human ACE2 receptor in the respiratory epithelium. It is also designed to induce T cells
against the spike protein.
- COVAX-19 vaccine is safe and well tolerated in adult human subjects
- COVAX-19 vaccine will induce durable high titer neutralising antibodies and T cell
responses against SARS-COV-2 virus.
Biological: COVID19 vaccine
COVID19 recombinant spike protein with Advax-SM adjuvant
Other Name: COVAX-19 vaccine
Other Name: Saline control
- Subjects eligible to participate in this trial had to meet all of the following
- Provide written informed consent prior to initiation of any study procedures.
- Healthy males or non-pregnant females, aged 18 years to 65 years inclusive.
- Women of childbearing potential2 must use an acceptable contraception method3 from at
least 30 days before study vaccination until 90 days after study vaccination.
2Not sterilized via, bilateral oophorectomy, salpingectomy, hysterectomy, (permanent,
non-surgical, non-hormonal sterilization) with documented radiological confirmation
test at least 90 days after the procedure, and still menstruating or <1 year has
passed since the last menses if menopausal.
3Includes full abstinence from sexual intercourse with a male partner, monogamous
relationship with vasectomized partner who has been vasectomized for 180 days or more
barrier methods such as condoms, effective intrauterine devices, tubal ligation, and
approved hormonal methods such as implants, injectables or oral contraceptives ("the
- Women of childbearing potential must have a negative urine or serum pregnancy test
within 24 hours prior to study vaccination
- Are able to understand and comply with planned study procedures and be available for
all study visits.
- • Have an acute illness, as determined by the site Principal Investigator (PI) or
appropriate sub-investigator, within 72 hours prior to study vaccination.
- Have a history of documented COVID-19 infection or a known positive COVID-19 antibody
- Liver function tests (ALT, AST or GGT) > 2 times upper limit of normal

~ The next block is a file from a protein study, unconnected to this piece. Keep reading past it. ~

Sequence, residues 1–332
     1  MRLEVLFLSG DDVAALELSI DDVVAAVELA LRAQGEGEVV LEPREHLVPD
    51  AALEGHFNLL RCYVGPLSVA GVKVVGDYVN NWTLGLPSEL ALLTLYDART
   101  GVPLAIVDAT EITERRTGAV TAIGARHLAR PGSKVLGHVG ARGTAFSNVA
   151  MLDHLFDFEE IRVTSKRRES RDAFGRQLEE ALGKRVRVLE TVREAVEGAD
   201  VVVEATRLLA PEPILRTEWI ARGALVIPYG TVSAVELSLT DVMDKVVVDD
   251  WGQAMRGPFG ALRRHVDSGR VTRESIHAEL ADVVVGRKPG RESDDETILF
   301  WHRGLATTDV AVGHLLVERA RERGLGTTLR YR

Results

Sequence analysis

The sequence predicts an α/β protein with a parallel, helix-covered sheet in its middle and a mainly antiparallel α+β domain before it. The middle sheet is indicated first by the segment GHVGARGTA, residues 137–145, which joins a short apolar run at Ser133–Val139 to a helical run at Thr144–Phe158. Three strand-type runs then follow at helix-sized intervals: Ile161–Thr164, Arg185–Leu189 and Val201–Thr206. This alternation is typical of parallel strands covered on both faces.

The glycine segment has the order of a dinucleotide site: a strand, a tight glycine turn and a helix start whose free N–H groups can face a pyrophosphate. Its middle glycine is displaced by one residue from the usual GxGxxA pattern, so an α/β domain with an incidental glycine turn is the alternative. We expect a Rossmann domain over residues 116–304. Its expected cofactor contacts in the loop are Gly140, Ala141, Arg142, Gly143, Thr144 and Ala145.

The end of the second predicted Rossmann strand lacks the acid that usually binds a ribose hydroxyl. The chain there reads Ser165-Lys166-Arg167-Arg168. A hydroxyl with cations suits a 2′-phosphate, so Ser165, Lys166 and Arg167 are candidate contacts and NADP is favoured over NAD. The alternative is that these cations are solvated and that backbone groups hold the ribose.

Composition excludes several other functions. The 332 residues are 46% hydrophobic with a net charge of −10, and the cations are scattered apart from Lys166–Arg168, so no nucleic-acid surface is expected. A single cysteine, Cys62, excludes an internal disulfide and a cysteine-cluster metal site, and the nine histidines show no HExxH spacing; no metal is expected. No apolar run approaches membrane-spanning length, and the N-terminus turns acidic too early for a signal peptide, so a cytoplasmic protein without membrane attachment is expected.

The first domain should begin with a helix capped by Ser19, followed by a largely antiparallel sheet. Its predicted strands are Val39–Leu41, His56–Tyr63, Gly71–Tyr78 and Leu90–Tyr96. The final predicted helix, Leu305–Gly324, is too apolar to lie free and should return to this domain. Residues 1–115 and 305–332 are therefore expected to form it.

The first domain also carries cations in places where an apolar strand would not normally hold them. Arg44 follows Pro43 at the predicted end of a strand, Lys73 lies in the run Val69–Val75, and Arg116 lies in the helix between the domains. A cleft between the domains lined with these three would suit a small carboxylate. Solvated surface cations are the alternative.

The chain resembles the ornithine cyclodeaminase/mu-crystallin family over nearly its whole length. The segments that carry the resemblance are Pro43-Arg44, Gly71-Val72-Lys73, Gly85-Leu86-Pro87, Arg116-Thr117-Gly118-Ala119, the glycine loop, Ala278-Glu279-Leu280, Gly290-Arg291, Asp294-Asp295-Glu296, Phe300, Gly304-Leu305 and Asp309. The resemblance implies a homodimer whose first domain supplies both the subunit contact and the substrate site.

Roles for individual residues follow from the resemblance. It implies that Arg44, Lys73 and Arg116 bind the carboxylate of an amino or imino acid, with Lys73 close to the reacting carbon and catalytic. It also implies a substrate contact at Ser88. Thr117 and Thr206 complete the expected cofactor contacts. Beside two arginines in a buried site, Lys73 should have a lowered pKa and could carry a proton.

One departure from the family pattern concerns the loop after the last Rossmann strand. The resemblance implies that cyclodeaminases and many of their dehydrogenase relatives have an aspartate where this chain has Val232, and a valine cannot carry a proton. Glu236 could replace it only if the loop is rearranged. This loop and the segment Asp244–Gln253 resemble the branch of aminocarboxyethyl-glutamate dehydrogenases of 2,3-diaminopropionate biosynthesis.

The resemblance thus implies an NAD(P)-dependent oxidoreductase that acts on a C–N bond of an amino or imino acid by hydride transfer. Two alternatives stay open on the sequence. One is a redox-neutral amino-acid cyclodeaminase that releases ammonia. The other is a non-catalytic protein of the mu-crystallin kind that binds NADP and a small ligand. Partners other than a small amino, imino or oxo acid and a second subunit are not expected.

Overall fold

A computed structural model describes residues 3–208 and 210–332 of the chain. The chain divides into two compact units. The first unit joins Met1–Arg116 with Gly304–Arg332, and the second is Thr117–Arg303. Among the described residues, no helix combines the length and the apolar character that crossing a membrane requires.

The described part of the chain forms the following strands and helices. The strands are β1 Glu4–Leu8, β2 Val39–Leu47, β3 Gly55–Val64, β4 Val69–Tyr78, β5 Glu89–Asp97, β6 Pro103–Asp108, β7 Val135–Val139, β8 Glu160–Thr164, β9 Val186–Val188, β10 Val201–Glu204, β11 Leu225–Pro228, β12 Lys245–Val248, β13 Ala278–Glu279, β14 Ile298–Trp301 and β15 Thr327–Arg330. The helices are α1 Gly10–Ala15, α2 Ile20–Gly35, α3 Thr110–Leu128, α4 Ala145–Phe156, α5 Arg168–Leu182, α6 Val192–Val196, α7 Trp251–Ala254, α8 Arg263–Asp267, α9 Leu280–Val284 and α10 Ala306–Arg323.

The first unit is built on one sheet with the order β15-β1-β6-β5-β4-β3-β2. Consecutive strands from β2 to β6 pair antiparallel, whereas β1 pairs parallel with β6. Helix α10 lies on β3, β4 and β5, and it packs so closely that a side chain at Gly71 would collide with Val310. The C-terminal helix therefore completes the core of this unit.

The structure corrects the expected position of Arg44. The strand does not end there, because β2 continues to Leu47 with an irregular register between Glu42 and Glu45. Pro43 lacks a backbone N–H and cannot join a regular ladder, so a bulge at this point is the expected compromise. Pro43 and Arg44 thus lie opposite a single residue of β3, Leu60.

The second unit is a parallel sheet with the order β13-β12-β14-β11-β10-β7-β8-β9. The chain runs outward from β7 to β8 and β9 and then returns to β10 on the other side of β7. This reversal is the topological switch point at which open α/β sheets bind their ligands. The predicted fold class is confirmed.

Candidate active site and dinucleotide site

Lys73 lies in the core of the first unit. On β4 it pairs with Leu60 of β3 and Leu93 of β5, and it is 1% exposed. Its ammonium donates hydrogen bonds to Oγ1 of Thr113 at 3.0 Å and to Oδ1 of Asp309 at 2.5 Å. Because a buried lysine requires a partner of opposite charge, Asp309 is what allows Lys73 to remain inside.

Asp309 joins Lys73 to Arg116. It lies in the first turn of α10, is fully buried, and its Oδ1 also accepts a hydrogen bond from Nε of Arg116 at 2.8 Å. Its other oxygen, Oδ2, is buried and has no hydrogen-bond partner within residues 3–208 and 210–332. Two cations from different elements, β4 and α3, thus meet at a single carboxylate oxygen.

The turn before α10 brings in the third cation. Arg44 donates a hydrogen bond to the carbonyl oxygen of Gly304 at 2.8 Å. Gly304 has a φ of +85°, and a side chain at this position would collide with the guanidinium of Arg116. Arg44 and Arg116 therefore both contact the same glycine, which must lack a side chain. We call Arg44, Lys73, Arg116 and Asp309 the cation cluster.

- eGFR <55 mL/min/1.73 m2
- Have immunosuppression as a result of an underlying illness or treatment, a recent
history or current use of immunosuppressive or immunomodulating disease therapy.
- Use of anticancer chemotherapy or radiation therapy (cytotoxic) within 3 years prior
to study vaccination.
- Have known active or recently active (12 months) neoplastic disease or a history of
any hematologic malignancy.
- Have known human immunodeficiency virus (HIV), hepatitis B or hepatitis C infection.
- Have a history of severe systemic reactions following previous immunization with
licensed or unlicensed vaccines.
- Have a history of Guillain-Barré Syndrome.
- Have known hypersensitivity or allergy to insect stings or other components of the
- Have a history of epilepsy or febrile convulsions
- Have a history of Potentially Immune-Mediated Medical Conditions (PIMMCs).
- Have a history of alcohol or drug abuse within 5 years prior to study vaccination.
- Have any diagnosis, current or past, of schizophrenia, bipolar disease or other
psychiatric diagnosis that may interfere with subject compliance or safety evaluations
as determined by the site PI or appropriate sub-investigator.
- Have been hospitalized for psychiatric illness, history of suicide attempt, or
confinement for danger to self or others within 5 years prior to study vaccination.
- Have taken oral or parenteral (including intra-articular) corticosteroids of any dose
within 30 days prior to study vaccination.
- Have taken high-dose inhaled corticosteroids within 30 days prior to study
- Female participants who are breastfeeding or plan to breastfeed from the time of the
first study vaccination through 30 days after the last study vaccination.
- Positive urine or serum pregnancy test within 24 hours prior to any study vaccination
- Received an experimental agent within 30 days prior to the study vaccination or expect
to receive another experimental agent during the trial-reporting period.
- Have any medical disease or condition that, in the opinion of the Investigator, is a
contraindication to study participation.
- Have any medical disease or condition that, in the opinion of the site PI or
appropriate sub-investigator, is a contraindication to study participation. *Including
acute, subacute, intermittent or chronic medical disease or condition that would place
the subject at an unacceptable risk of injury, render the subject unable to meet the
requirements of the protocol, or may interfere with the evaluation of responses or the
subject's successful completion of this trial.
- Any participant whose enrolment, in the opinion of the investigator, would be
detrimental to the participant or the study.
Adelaide, South Australia, Australia
David Gordon, MBBS, Ph.D, Principal Investigator